Tuesday, August 11, 2009


Ferula or Fella
Photos by Carmelo Rifici
Memories of school days often flit through my mind, some are seen through rosy glasses and others are painfully bittersweet. One memory that has haunted me all of my life and which still causes me vivid pain is the incident with the FELLA.
I grew up in the beautiful little town of Librizzi where everyone knew everyone else, and almost everyone seemed to have a connection to one’s family. My teacher for the first five years of my schooling was my beloved Concettina Bisagni. She challenged me to learn, to ask questions, to be observant, and particularly to enjoy reading everything and anything imaginable. I remember reading every book in her school library as well as her private library. I was allowed to bring home any of her books that I chose to read, and I did so frequently. I remember reading late into the night, usually under the covers with the help of a flashlight.
The town offered only the first five years of schooling and if a student wanted to attend the Ginnasio , she had to travel by bus to the town of Patti. The trip took only about twenty minutes. My father’s plan was to send me to the Ginnasio but I had to wait a year so that I would travel with my brother who was a school year behind me. My father basically wanted my younger brother to guard me and to protect me from possible imaginary harm! Of course I could not just sit at home for a whole year while my brother finished his elementary schooling so my father decided that I would repeat fifth grade, this meant that I would be in the same classroom as my brother. No, I did not like this idea, in fact it was humiliating for me to have to ‘repeat’ a school year as if I had failed a grade. But I was not given a choice.
School children in Librizzi learned pretty quickly that there were consequences for misbehaving in the classroom. Discipline was commonly enforced by means of corporal punishment, usually in the form of a few taps on the open palm of the hand with a magic wand. Well not a magic wand but a “fella”, stick in English. Once a child felt the sting of the fella and saw the red imprint that it left on the palm she would work hard at not repeating the unaccepted behavior. If the teacher was particularly displeased she would hit hard enough to cause a welt to form on the palm. Signora Bisagni’s desk was usually decorated with a fella but to my recollection she never used it to punish me nor any of my classmates. Looking back I realize that she had ways, other than corporal punishment, to motivate her students to pay attention and to do their best. For me the motivational factor was the permission to take home her books to be read at my convenience.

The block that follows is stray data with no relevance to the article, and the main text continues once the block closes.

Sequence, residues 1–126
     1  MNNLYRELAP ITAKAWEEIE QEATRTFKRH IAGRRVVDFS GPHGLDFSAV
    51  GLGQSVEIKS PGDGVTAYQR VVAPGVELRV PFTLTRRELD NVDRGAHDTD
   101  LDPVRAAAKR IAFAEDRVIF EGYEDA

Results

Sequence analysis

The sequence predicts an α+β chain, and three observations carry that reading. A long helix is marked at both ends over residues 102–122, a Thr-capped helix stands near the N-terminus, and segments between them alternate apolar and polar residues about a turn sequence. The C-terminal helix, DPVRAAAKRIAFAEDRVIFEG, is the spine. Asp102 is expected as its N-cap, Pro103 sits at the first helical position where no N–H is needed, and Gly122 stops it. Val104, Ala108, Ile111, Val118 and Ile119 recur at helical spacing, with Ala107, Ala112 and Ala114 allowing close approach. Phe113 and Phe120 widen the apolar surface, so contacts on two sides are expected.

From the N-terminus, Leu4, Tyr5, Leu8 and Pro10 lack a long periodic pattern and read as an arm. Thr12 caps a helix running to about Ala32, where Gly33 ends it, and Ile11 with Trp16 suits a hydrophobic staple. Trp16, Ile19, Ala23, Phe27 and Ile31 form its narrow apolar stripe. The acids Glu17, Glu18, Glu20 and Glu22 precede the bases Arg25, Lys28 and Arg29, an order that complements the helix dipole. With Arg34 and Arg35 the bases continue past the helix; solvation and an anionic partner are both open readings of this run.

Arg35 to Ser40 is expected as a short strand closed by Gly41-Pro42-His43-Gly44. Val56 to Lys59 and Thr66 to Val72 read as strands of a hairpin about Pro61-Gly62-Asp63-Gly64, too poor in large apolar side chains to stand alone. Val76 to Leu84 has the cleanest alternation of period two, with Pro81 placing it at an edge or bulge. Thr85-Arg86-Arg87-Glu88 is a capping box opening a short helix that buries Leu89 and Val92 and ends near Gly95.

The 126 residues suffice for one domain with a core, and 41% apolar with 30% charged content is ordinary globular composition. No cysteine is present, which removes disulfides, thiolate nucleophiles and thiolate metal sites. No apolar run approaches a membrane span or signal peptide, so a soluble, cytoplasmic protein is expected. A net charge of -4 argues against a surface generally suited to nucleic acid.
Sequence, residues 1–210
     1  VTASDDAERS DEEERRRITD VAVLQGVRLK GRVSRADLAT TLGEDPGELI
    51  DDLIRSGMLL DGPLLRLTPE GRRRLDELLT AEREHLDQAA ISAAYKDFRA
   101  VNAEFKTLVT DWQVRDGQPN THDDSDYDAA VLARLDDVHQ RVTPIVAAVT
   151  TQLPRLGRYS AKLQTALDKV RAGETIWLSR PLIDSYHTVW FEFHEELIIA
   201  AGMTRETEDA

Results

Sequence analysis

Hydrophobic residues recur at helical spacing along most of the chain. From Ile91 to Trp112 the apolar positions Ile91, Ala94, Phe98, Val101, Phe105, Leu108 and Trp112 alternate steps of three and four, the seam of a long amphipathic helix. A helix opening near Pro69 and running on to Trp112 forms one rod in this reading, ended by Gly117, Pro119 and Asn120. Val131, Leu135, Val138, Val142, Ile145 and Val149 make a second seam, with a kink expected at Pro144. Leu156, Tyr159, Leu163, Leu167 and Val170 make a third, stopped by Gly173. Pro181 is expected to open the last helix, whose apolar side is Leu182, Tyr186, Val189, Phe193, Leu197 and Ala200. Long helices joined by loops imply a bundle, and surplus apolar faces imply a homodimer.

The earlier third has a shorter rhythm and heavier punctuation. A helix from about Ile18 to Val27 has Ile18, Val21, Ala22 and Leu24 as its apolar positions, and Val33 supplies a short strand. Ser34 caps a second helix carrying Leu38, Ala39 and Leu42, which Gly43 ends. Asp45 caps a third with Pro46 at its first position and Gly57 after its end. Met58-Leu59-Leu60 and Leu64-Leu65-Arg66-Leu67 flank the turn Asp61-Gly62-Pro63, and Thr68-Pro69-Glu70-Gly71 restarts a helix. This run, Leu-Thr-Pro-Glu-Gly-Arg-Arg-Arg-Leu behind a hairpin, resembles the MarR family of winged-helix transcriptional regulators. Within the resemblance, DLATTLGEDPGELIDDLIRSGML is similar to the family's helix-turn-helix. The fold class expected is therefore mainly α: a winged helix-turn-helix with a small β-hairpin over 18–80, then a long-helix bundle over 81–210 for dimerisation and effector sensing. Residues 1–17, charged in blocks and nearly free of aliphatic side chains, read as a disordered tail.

It certainly was an eye opener when I entered the 5th grade for the second time and with a different teacher. It did not take long for me to discover that not all teachers are made of the same cloth. My brother’s elementary school teacher was indeed very different. He was extremely severe and the use of the fella on his students was frequent and forceful. At first I did not have any personal fears since he was my father’s cousin but soon I was to learn otherwise. To my great disillusionment the day arrived when my sweet memories of Signora Bisagni’s class were to be forever tainted by the memories of an incident beyond my control.
I recall that fateful day very clearly. The teacher asked a question and then called on a student for an answer but the correct answer eluded the unfortunate student. The teacher proceeded to ask a student and then another student and another student. He called every student in the class including my brother but no one was able to give an acceptable answer. Lastly he called on me. Well, Signora Bisagni had taught me well and I knew to always look at the footnotes. Yes, the answer to the question was in the footnotes! And so I gave the correct answer. Anticipating the dreaded use of the fella on my hands, I was greatly relieved to come up with the correct answer and certainly I was a little proud to be the star of the day. But my moment of educational pleasure was quickly dispelled. The teacher put the fella in my hands and commanded me to give each and every student in the class two ‘colpi della fella’. My reward became my classmate’s punishment! Worse, I had to hit my own brother. Halfheartedly and with tears in my eyes, I administered the punishment. When my brother’s turn to receive the bastonate arrived I tried to mitigate the damage by giving just little taps. The teacher who had supervised each and every hit with the ‘fella’ did not think that I had hit my brother hard enough and insisted that I do it again and with force.